Greg Hall was preparing to serve as an acolyte for Mass at his parish in Houston when an associate contacted him about a "banging on the pipe."
It was Day 17 after the Chilean mine collapsed on 33 miners.
A representative from Drillers Supply International — a company owned by Hall and his wife, Angelica — was updating the deacon-in-training on the task assigned to the company's crew: drilling through more than 600 metres of rock down into the gold and copper mine.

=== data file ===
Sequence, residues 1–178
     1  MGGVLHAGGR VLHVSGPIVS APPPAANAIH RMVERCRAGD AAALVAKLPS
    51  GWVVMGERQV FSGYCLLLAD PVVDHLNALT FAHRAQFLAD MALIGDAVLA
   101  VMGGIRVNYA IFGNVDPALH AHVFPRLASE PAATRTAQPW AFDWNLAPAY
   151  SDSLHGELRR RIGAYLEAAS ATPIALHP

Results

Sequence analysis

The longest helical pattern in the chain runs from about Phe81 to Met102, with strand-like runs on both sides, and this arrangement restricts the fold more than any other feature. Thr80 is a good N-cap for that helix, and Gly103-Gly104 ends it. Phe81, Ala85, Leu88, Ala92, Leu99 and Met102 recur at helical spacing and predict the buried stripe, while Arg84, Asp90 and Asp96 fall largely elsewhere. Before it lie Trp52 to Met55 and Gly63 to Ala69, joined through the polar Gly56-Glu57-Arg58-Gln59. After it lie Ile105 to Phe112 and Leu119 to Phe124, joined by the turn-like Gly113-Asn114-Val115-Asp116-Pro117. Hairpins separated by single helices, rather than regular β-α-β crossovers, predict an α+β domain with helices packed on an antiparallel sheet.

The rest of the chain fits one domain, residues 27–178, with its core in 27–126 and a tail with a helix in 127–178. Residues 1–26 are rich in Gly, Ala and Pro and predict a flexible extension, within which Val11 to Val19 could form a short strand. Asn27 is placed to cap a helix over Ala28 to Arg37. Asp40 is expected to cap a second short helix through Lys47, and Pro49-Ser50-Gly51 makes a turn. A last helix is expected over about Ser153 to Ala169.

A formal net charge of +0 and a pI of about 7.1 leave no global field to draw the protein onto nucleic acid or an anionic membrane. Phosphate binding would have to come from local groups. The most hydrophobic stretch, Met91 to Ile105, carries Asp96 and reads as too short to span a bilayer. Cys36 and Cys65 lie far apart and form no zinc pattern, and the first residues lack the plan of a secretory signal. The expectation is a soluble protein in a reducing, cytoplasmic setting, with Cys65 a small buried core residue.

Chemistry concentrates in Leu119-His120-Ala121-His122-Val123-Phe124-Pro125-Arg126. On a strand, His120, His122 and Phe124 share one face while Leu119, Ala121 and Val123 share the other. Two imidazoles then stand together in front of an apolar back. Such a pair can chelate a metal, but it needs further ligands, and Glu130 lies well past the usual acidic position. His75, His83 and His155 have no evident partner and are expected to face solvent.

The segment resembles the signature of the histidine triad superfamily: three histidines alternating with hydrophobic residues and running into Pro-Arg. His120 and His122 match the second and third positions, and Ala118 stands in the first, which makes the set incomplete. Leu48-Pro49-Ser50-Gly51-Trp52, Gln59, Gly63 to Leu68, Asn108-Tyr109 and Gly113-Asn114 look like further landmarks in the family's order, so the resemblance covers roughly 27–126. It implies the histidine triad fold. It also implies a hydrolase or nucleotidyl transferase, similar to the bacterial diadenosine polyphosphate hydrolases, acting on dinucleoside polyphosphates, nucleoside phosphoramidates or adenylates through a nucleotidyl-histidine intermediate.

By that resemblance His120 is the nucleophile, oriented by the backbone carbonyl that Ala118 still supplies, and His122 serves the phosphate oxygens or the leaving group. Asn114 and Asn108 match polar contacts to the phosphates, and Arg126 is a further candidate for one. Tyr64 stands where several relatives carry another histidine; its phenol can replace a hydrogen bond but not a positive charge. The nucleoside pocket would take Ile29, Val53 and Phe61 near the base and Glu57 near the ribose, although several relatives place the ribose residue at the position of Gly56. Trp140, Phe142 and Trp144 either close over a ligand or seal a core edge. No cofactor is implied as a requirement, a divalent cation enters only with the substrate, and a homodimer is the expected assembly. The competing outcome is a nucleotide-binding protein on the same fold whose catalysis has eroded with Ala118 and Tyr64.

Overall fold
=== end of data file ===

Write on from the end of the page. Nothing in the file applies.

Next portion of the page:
"At that time, we thought we were just drilling to try to get a video feed to let (the miners') families know they had perished," Greg Hall said.
"Then we found out that all 33 of them were alive."
Moments after serving at Mass, Hall headed for the airport and left for the San Jose mine in the Atacama Desert.
Days after the drilling was completed, all of the miners were methodically extracted from the mine Oct. 13.
"I talked to a lot of people, and this was the most challenging drill I have done in 25 years," Hall, now back home, said in an interview.
"Talking to my peers, it was the most technologically challenging hole they ever heard of."
"I firmly believe God drilled that hole," he said.